On November 2, the Education University of Hong Kong announced that it would introduce new compulsory National Security and legal education courses and compulsory courses on strengthening teacher ethics in the next two academic years.
National Security and Legal Education Course
For all undergraduate students, starting from the 2025-26 academic year, a new compulsory subject, “National Security and Legal Education”, will be added, although there is already a required general national security course. The program includes the study of the Constitution, the Basic Law, the National Security Law of the Hong Kong Special Administrative Region and other related laws as one of the graduation requirements.
The new courses are responsible for EdUHK’s new National Security and Legal Education Centre. “Unlike law faculties of other universities, the university would design the teaching materials to teach mainly general legal knowledge”. Failure to pass the examination will result in the need to re-take the examination or repeat the programme, the Director of the Centre, Professor Minkang Gu, said in a press briefing.
Ros Lau is a Year 1 EdUHK student studying Heritage Education and Arts Management. As the class of students most directly affected by the new curriculum, Ros said,
“It is a necessary course and a government requirement. I will still choose to take it. Although it will be an extra burden on my coursework to some extent, it will also help me find a job.”
Guideline of being a teacher
Starting from the 2024-25 academic year, students majoring in the Bachelor of Education programme will be required to take two new compulsory subjects related to professional conduct and ethics of teachers to ensure that they understand the “Guidelines on Teachers’ Professional Conduct” introduced by the Education Bureau (EDB) earlier on. These two subjects will teach students about the behaviours that teachers’ should’ and ‘should not’ do.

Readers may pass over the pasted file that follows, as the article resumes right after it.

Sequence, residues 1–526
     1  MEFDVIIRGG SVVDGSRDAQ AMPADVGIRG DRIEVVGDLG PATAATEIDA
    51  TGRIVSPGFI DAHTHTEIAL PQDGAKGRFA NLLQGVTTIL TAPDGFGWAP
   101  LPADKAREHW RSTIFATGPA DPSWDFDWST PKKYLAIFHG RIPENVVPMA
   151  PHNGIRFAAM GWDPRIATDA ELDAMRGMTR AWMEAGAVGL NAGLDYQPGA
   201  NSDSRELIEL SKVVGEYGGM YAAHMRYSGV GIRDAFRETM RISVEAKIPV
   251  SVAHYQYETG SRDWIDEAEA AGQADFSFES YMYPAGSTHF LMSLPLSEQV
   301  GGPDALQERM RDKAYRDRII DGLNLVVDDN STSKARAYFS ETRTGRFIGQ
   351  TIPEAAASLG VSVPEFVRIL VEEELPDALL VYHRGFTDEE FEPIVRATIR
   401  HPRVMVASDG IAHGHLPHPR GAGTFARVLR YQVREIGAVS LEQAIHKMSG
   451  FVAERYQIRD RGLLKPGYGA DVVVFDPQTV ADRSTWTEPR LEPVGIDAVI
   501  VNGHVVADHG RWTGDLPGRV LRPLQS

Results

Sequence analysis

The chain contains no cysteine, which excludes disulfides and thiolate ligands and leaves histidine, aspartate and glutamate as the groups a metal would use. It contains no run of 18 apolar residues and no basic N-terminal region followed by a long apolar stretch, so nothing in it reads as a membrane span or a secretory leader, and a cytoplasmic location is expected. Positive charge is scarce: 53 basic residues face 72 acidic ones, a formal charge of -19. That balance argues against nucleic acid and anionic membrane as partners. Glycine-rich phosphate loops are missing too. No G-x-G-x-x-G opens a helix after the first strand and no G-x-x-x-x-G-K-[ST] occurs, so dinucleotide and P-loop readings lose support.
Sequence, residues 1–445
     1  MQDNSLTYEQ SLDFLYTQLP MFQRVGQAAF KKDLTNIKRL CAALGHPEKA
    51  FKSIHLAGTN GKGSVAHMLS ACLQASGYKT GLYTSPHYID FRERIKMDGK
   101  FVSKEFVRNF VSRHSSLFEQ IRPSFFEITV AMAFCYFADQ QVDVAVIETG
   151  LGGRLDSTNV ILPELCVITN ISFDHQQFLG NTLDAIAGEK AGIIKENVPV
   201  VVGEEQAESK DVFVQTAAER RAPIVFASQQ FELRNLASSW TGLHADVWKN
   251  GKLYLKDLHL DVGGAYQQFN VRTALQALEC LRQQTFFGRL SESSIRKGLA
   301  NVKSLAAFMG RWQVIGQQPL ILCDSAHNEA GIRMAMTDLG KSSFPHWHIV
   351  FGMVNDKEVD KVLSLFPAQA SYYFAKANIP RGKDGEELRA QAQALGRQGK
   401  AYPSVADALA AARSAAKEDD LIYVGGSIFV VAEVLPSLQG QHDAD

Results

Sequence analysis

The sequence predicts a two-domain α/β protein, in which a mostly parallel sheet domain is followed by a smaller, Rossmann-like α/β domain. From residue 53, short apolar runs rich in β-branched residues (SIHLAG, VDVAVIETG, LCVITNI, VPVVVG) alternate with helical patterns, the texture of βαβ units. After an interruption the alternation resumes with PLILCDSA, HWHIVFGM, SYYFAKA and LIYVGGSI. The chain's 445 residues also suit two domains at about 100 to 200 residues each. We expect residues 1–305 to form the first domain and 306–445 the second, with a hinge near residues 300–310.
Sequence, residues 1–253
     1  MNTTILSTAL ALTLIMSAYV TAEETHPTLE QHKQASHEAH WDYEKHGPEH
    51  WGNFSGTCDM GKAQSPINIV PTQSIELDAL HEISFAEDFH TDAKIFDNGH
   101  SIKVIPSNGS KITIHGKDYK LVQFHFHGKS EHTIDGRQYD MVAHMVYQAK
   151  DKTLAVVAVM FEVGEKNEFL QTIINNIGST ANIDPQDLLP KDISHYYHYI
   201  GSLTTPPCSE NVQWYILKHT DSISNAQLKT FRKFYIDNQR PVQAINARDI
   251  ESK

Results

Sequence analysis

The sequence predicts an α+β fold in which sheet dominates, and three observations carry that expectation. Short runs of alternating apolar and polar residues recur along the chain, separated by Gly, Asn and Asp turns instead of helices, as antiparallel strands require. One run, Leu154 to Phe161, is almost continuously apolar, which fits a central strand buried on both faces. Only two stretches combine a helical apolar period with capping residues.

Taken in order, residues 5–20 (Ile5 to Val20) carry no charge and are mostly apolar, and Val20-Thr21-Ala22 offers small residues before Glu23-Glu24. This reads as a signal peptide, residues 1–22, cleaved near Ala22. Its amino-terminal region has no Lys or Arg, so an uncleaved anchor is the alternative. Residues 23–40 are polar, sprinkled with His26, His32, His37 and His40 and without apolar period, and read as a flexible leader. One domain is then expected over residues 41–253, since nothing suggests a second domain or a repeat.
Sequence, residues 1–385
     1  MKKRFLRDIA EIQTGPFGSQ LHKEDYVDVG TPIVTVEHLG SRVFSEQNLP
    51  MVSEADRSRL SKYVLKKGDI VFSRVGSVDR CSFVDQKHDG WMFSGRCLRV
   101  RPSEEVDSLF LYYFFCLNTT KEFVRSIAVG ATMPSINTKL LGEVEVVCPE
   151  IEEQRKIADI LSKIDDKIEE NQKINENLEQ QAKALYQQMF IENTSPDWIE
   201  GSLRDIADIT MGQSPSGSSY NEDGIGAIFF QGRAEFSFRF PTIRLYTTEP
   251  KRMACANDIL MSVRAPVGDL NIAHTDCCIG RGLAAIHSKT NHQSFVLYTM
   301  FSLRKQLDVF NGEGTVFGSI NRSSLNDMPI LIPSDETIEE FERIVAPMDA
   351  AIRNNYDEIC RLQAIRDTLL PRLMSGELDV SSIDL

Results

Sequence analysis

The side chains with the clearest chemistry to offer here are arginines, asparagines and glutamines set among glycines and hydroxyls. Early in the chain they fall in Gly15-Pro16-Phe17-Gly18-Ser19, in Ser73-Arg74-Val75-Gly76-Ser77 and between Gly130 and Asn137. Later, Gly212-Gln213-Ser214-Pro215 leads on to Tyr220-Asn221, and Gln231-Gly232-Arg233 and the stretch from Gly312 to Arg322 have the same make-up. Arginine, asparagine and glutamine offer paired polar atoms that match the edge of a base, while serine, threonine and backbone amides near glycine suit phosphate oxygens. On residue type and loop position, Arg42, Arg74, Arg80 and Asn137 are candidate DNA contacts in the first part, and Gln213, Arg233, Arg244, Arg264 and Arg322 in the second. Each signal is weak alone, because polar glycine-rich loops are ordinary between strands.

The President of the Education Univerisity of Hong Kong (EdUHK), Professor LEE, Chi Kin John, said in an interview with local media Ming Pao,
“I hope that EdUHK students will have “quality assurance”, and I hope that the students will not decide to take up the teaching profession because of good pay and job stability, but rather devote themselves to the profession “for the sake of the next generation” for life.”
He also revealed that principals or teachers of placement schools would be invited to scrutinise students’ knowledge of the Guidelines.
Polly is a final year student in EdUHK and studies in Primary Mathematics Education. Although she is about to graduate and will not be affected by the reform, she is still concerned about the effectiveness of those new courses. “I don’t think including courses on national security law at the undergraduate level is helpful. In a way, it can be described as a kind of brainwashing.”
As early as 2021, eight universities in Hong Kong have announced, one after another, that they will implement national security education in the new academic year. All eight universities have introduced 2022 compulsory general studies programmes involving national security education, which will be included in the graduation requirements, or students will be required to pass an examination. The Hong Kong University of Education is the first university to produce its own teaching materials and offer separate national security and legal education subjects.
EdUHK has been releasing teaching materials on national security law for the past two years. They are also planning to set up a National Security and Legal Education Centre to take charge of the new courses. Credit to: EdUHK Website
Beginning with the 2025 academic year, all education majors enrolled will be required to undergo an obligatory immersion program on the mainland, which may include cross-border trips, exchanges, or credit-bearing internships. In an interview with SCMP, May Cheng May-hung, the university’s vice president for academic affairs, said this would extend students’ horizons and help them comprehend the most recent advancements in the area.
Featured Image: The Education University of Hong Kong. Credit to LU Yiting, Sarah